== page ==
How much Exercise does a Dog Need

One of the first things new dog owners ask is how much exercise does a dog need. It’s a tough question to answer though as every breed of dog has different requirements and even within a breed there will be fluctuations dependent on the needs of individual dogs. Then, for some breeds such as the Labrador retriever, we talk in minimum levels of exercise required while breeds such as the Mastiff tend to be discussed in the maximum duration and intensity of exercise. Age also comes into the mix as does body condition and overall health.

There are many factors to how much exercise a dog needs starting with what breed or type of dog

Breed Type

How much exercise a dog needs varies from breed to breed. However, we can speak in general terms by using the canine categories developed by the North American kennel clubs.

Sporting Dogs – Sporting dogs include everything from the energetic Golden Retriever to the slower Clumber Spaniel. These are dogs that are happiest being mentally and physically challenged on a daily basis although the intensity of the exercise is dependent on the breed. Clumber Spaniels, for example, are bred to maintain a uniform, moderate but mile devouring pace all day and for days on end as needed. In comparison, the Nova Scotia Duck Tolling Retriever was bred to ‘toll’ or play at the side of rivers and marshes to entice ducks closer to the hunter before retrieving any fallen fowl. Although their activity is more intense then the Clumber, they were never expected to maintain the pace for an entire day or multiple days in a row. Today, in a non-hunting environment, the Clumber is happiest on long on or off-leash walks where as the Toller requires not only the long walks but also an intense game of fetch at least once a day.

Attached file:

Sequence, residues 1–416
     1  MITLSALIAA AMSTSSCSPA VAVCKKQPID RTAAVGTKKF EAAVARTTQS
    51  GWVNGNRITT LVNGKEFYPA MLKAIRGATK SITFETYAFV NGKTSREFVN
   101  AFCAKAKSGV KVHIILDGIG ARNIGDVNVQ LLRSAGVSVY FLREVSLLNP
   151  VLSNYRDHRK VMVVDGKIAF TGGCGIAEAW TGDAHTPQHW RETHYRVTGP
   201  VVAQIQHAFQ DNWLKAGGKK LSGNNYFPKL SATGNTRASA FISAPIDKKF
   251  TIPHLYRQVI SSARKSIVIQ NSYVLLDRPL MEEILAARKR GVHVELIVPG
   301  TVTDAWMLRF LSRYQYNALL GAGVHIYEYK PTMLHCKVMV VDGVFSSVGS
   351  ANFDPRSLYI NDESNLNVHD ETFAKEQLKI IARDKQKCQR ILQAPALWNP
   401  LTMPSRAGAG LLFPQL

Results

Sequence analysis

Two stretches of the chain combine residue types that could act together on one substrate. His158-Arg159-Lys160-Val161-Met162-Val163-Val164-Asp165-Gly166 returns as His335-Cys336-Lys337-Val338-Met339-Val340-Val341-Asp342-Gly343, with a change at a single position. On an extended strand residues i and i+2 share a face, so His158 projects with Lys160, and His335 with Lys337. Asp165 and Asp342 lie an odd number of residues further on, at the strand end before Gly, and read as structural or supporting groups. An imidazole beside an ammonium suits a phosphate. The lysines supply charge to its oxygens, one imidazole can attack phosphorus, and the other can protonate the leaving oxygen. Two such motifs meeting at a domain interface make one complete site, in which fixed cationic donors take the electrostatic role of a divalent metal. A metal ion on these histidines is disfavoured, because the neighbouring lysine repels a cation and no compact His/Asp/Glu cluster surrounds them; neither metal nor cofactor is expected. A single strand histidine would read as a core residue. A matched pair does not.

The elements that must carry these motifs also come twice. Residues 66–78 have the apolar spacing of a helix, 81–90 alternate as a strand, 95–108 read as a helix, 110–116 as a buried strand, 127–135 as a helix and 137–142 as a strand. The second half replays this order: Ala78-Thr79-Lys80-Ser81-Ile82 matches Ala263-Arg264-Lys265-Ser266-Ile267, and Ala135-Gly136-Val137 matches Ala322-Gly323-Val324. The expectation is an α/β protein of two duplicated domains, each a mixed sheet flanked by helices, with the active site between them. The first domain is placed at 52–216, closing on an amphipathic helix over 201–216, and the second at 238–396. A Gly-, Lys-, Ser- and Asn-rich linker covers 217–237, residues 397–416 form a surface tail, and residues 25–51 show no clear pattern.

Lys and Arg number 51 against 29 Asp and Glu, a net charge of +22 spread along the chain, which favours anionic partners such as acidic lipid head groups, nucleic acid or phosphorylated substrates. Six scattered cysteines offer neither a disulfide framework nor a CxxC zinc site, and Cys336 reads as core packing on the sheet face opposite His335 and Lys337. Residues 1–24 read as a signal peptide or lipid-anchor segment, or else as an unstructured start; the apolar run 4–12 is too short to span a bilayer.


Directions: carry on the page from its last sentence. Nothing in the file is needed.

Hounds – Under the umbrella of hound come two very different types of dogs – sight hounds and scent hounds. Sight hounds are your racers such as the Whippet and the Greyhound, bred for short, intense bursts of exercise followed by lounging around the castle. They are the couch potatoes of the canine world and require little exercise in comparison to many other breeds. Although they love a good sprint chasing a rabbit, they are also happy with a long leash walk daily. Scent hounds, however, are the nose-to-the-ground hunters with the endurance to last all day if necessary. They prefer a daily off-leash walk through woods or anywhere there are a lot of scents to explore and will often enjoy a game of fetch or discover the hidden treats.